lady-arryn: costume appreciation:Jane Eyre’s patterned dress... - lady-arryn: *costume appreciation:* Jane Eyre’s patterned dress from *Jane Eyre* (costumes by Michael O’Connor)
8 hours ago
It’s an auto tour, clearly signposted with brown shingles, along a 16-kilometre circuit south and east of Banbridge and in the shadow of the famous Mountains of Mourne. This is where Patrick Brunty (the name change came later) taught school (and romanced one of his students!) and preached his first sermon after he was ordained in 1807. “Patrick was a very talented man in his own right. The girls got the talent from the father; it was in the genes,” says Jason Diamond of Banbridge District Council, who helps publicize the tour. “Here’s a man who came from a two-room stone cottage in Ireland and he produced not one but three of the greatest authors in the canon of famous literature.” (...)The Scotsman reviews the Glasgow performances of Polly Teale's Brontë by Shared Experience:
One of the schoolhouses where Patrick taught, at Drumballyroney, has been restored to its late 18th-century appearance. There’s a blackboard, desks, manikins of a teacher and students and, rather incongruously, a wedding dress in a glass case. “That’s a replica of Charlotte’s wedding dress,” says Diamond. “Notice how thin she was.”
Nearby is the church where Patrick preached his first sermon after returning from his university schooling in Cambridge. This building, now deconsecrated, has also been restored to look as it did in Patrick’s time.
The original Glascar School, where Patrick first taught, was long ago replaced by a more modern building. As we view it, Diamond tells how Patrick was dismissed from his post there because he and a student had become too fond of each other. Not as serious as it seems, however, for Diamond explains that the girl was a senior and just two years younger than her 20-year-old teacher.
Our next stop is the cottage, still standing, that was the childhood home of Patrick’s mother, Alice McClory. Her parents disapproved of the romance so she and Hugh Brunty eloped.
On, lastly, to the Brunty birthplace. Only the ruins of the two-roomed cottage in a glen at Emdale exist now. The site is cared for by the Bronte Homeland Trust and a plaque marks the spot.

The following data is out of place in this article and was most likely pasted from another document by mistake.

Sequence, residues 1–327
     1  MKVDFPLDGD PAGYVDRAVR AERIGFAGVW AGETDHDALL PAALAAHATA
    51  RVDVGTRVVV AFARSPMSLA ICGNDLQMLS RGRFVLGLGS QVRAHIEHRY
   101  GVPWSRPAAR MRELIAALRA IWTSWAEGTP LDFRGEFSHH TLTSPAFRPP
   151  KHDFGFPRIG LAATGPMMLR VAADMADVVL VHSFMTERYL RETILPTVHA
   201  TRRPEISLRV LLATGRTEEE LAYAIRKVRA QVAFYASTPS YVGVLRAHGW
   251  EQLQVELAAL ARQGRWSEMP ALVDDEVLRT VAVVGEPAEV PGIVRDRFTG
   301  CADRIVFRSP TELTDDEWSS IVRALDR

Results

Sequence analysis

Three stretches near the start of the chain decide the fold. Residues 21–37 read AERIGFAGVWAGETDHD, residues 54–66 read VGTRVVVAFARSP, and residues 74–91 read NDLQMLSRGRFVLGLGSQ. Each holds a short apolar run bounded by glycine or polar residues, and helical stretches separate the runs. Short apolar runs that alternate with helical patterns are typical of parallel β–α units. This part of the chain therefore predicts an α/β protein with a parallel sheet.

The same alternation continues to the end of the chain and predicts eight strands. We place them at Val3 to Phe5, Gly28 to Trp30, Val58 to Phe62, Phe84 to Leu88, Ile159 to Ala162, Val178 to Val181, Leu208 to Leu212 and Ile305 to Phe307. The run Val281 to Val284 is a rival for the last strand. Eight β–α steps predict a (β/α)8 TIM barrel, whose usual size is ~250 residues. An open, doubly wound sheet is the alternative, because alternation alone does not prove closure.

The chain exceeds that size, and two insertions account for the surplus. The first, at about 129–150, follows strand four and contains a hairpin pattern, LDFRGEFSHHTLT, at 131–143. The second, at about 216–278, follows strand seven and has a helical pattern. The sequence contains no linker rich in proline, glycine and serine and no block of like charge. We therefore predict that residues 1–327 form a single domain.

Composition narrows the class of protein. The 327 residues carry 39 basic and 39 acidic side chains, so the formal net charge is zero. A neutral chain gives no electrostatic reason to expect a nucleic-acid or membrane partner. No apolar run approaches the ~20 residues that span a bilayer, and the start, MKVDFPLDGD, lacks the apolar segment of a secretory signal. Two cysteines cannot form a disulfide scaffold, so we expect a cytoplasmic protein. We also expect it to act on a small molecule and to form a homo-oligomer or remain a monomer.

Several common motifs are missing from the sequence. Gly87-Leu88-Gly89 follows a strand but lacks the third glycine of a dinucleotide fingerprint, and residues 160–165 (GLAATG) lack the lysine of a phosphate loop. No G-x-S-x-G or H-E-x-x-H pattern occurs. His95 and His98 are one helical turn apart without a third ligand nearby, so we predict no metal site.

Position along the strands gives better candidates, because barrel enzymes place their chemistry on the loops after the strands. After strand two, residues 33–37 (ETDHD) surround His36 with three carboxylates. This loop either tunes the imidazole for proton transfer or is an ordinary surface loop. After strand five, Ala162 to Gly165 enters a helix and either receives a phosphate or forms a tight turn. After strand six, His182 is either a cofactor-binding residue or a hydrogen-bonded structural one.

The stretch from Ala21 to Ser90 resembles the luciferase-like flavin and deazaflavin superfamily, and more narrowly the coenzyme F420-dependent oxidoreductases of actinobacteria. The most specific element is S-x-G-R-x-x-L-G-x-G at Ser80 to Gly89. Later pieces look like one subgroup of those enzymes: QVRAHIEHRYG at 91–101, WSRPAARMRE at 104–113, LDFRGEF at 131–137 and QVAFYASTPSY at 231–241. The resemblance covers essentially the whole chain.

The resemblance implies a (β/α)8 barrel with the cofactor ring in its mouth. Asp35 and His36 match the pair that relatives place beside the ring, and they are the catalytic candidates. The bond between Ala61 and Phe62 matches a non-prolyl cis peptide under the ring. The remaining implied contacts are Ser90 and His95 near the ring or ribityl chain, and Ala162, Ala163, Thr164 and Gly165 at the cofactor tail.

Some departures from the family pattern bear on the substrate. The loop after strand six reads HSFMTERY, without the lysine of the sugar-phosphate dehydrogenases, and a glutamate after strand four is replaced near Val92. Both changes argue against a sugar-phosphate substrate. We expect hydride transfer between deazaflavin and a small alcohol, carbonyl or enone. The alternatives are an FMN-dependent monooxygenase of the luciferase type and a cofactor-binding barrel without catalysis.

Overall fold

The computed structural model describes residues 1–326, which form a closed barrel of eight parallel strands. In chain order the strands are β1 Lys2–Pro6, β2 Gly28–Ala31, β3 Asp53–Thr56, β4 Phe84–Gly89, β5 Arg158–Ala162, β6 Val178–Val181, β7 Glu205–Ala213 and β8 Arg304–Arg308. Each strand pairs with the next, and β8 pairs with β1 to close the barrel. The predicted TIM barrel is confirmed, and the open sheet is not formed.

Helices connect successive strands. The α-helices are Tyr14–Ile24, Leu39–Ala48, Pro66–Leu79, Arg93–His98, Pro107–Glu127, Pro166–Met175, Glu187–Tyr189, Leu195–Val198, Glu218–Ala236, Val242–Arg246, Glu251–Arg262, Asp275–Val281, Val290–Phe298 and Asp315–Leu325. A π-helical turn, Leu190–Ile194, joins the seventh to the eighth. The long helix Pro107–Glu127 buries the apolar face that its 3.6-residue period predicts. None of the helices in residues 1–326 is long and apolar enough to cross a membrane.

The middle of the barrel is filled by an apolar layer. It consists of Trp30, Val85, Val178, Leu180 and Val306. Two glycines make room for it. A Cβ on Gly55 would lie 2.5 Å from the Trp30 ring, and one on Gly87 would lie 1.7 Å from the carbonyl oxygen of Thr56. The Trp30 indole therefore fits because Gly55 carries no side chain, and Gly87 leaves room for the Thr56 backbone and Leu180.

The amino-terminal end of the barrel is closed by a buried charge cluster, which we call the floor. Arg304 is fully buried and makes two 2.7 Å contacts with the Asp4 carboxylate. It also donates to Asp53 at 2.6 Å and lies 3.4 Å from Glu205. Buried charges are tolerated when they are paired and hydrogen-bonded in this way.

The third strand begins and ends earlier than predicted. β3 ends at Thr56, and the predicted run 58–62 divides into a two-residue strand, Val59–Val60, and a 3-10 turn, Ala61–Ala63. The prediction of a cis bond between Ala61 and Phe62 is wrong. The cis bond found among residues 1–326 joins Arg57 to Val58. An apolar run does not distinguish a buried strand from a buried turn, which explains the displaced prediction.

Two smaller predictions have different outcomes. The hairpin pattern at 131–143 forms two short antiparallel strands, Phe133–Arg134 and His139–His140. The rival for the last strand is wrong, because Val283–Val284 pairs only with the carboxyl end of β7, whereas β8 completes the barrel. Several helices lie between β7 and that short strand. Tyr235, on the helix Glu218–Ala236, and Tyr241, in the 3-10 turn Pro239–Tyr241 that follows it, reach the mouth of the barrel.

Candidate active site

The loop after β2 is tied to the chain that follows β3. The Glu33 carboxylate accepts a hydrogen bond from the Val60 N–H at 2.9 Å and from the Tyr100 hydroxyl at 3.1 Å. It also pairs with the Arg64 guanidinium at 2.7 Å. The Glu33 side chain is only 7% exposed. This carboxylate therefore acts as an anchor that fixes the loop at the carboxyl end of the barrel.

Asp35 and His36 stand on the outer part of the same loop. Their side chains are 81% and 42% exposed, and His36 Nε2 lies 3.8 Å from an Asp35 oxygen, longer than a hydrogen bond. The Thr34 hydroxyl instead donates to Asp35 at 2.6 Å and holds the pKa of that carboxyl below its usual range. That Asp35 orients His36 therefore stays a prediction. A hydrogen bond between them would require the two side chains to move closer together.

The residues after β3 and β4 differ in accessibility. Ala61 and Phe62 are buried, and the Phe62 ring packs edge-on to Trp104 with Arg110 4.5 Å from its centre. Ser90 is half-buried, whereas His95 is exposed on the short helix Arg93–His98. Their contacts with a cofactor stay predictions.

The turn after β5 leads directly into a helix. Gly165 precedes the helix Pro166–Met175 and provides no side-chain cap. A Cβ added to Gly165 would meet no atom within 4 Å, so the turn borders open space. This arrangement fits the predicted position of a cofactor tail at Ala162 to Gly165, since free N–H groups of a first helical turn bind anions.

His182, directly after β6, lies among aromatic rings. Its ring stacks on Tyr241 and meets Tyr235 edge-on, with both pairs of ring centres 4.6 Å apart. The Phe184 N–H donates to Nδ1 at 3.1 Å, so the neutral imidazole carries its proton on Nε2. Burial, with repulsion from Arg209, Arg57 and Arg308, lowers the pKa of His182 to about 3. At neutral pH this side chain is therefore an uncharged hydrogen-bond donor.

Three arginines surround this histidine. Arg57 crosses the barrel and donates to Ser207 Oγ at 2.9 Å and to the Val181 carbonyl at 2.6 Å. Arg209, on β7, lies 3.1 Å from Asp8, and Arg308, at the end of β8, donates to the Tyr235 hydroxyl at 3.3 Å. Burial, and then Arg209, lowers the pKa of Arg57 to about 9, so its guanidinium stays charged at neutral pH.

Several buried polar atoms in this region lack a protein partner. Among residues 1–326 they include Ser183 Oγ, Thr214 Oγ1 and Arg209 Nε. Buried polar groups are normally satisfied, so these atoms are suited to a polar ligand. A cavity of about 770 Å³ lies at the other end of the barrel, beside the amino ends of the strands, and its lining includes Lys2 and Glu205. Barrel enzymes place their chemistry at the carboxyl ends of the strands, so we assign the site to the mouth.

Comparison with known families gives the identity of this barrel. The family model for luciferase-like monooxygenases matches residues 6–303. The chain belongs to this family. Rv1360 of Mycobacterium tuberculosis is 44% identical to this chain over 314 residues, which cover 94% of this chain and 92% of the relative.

The district council has provided a picnic site along the route, with views across the rolling hills to the Mountains of Mourne, the sights Patrick Brunty would have seen. It’s unlikely he would ever have stopped here, however, for the site was a shebeen, an illegal drinking den, in his time. (Mitchell Smyth)
A series of short, sometimes impressionistic scenes, Brontë merges practical reality, fictional invention and erotic dreaming, as the sisters endure the emotional and physical deprivation of their motherless lives at Haworth Parsonage, fail to find conventional ways of expressing the fierce erotic drives women of their time were not supposed to have, and strive to "make life bearable" through their common gift for passionate storytelling.Michael Cunningham remembers in The Guardian the reasons and the difficulties of writing his personal take on Virginia Woolf, The Hours:
Even in the enforced absence through injury of the actor playing Branwell – with a last-minute replacement reading the part – the performances of the young cast are strikingly open, heartfelt and true; Kristin Atherton's Charlotte is strong, touching and complex, Elizabeth Crerar's Emily a passionate portrait of a near-autistic soul full of greatness.
What's never clear about this thoughtful and decent show, though, is why it exists at all. Nancy Meckler's production is full of tired 1980s conventions, with constant energy-sapping fades to black between scenes, and odd bits of ineffectual expressionistic movement thrown into the text at strange angles. The play tells us nothing about the Brontës that is not already well known. And, above all, it never addresses the key question about this kind of biographical drama, which is why – when it's the work that makes them great – we seem increasingly unable to digest the stories these great writers had to tell, and are ever more interested in their lives, at the expense of their work. (Joyce McMillan)
At that point, I pretty much decided to let it go, and write another book instead. But one morning, sitting at my computer, I allowed my mind to wander into questions about why Woolf meant so much to me, enough that I'd spent the better part of a year writing a doomed novel about her and her work. OK, sure, I loved Mrs Dalloway, but every novelist has loved any number of books, and few of them have felt the need to write new books about the older ones (the only exception that comes to mind is Jean Rhys's Wide Sargasso Sea, which is, of course, a retelling of Jane Eyre from the point of view of Bertha, Mr Rochester's first wife).The Quietus interviews Luke Williams, author of The Echo Chamber: